Have you heard that Rhianna and Eminem song that came out a few years ago about being “friends with the voices inside of my head” and “get along with the monster that’s under my bed”…or something like that? Well, as I prepare for Halloween, and all the fun of embracing spooky costumes, scary movies, and haunted houses, it got me thinking about the actual stuff we all hold inside that we’re afraid of. The real monsters under the bed that we’re deathly afraid to look at, much less, embrace and invite into the light of day. It takes serious courage to stop distracting ourselves with our drugs of choice, and face our fears.
It’s interesting to me how true the saying “what we resist, persists” is, and how it plays out in life. The more we look for distractions to avoid painful feelings, memories, or fears of the future, the more intense the pain and fears become. When I was a kid, I was a HUGE scaredy cat…and highly anxious about all kinds of things. At night, I remember scaring myself and ruminating on what horrifying creatures surely came alive at night and lived in my closet. The more I thought about it, the more frozen I became under the covers…until I couldn’t stand it anymore and I’d turn on the light by my bed. Just shedding light on the room usually helped me breathe a little easier. Then I’d sometimes work up the courage to get up and actually look in the closet to indulge my fearful mind, and of course, there was nothing dangerous in there aside from an overgrown dust bunny or two. Getting up, shedding light, and looking at what I built up in my head as a looming source of terror always set my mind at ease…well, sometimes I needed a second opinion from mom and dad, but generally, my mind would settle down at that point.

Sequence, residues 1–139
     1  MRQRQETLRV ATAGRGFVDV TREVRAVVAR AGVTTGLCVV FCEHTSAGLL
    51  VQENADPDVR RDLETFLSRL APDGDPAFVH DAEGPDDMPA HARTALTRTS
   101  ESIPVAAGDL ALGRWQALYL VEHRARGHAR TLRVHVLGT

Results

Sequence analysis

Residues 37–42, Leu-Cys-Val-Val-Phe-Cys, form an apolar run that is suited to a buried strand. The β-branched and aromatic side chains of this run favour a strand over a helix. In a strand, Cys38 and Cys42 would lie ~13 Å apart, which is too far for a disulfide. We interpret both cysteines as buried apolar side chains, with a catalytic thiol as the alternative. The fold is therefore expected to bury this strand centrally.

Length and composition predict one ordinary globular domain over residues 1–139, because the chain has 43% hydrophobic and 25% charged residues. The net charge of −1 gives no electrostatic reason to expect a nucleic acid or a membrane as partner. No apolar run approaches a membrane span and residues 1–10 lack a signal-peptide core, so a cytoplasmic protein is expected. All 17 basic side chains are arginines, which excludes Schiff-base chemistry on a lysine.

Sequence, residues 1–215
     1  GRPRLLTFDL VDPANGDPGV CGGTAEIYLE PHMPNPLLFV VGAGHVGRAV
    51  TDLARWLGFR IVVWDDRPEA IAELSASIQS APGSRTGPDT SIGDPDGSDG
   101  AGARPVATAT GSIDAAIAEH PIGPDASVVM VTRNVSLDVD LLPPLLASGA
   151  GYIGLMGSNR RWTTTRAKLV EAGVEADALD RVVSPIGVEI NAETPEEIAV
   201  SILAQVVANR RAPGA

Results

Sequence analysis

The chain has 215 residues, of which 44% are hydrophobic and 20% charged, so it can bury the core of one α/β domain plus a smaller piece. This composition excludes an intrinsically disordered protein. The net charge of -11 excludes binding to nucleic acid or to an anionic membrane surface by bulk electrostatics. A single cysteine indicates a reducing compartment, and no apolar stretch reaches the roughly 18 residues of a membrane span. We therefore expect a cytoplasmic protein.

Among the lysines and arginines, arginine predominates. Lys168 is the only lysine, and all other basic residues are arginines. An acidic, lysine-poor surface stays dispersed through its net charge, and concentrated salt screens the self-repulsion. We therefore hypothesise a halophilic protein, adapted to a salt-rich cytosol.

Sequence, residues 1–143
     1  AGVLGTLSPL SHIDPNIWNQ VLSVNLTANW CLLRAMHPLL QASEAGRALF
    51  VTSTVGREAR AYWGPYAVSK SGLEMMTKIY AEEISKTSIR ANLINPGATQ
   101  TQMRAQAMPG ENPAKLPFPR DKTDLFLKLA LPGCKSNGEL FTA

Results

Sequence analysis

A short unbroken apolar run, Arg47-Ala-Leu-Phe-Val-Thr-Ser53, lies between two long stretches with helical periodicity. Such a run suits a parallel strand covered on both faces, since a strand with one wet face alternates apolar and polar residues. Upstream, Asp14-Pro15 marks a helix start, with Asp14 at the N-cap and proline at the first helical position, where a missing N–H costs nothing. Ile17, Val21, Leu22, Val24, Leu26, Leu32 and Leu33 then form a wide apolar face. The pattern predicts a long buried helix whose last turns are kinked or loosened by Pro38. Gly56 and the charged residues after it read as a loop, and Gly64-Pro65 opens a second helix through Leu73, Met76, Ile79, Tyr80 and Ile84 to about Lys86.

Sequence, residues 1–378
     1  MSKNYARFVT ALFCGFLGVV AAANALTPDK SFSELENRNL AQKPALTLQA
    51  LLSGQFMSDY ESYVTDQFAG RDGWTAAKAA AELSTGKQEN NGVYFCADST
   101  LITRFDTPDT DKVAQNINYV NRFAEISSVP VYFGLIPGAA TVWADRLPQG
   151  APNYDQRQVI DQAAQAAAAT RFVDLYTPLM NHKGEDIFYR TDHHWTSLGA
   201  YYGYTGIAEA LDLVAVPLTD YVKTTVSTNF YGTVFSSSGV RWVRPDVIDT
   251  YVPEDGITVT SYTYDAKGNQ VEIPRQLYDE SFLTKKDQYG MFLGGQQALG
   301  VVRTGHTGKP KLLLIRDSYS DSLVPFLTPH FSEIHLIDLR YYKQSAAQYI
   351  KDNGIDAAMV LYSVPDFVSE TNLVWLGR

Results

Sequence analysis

As adults, we carry with us a heavy burden of inaccurate, self-defeating beliefs, which manifest into secrets which must never be told or discovered by those around us. We give them so much power! We are absolutely terrified other people will discover how truly incompetent, embarrassing, or down-right depraved we are, and then run away horrified by our existence...or maybe that’s just me! But assuming this is more of a global, human issue, I’ll continue exploring this idea with you for a moment. These are the real-life skeletons and monsters we work so hard to keep hidden; and the more energy we spend trying to repress, suppress, avoid, and squash these shadows of ourselves into a box in the corner of our minds, lock it and throw away the key, the more they demand to be heard. The louder those irritating thoughts and feelings howl in the night and threaten to make themselves known. Isn’t that annoyingly interesting? It’s almost enough to make you want to soul-search a bit and be curious about what the hell the racket is all about. But I totally get how it’s much more comfortable and safe to maintain the familiar level of anxiety and unease of not looking directly into the eyes of our proverbial monsters, and stay frozen under the covers, or continue binging on Netflix or Ben & Jerry’s…until you just can’t stand it anymore.
When and if you choose to bite the bullet, turn on the light, and dare to face the monster under the bed, it will be interesting to see if the source of your turmoil really is that gruesome and terrifying, or if it’s more like the Wizard of Oz. Remember when Dorothy musters up the courage to face the great and powerful Wizard of Oz, and then she discovers he’s really just this puny little old guy with white hair and a bow-tie hiding behind a curtain? It just goes to show, we decide how much power we give our fears, and when we say “enough is enough” and look them in the face, we take back our power. So, as you go out into the world, and those nagging little doubts and fears creep in, remember you can always pull back the curtain, turn on the light, and see them for what they are – just puny little thoughts, dust bunnies, and old guys in silly outfits.
Written by Stephanie Trueblood, LPC-Intern
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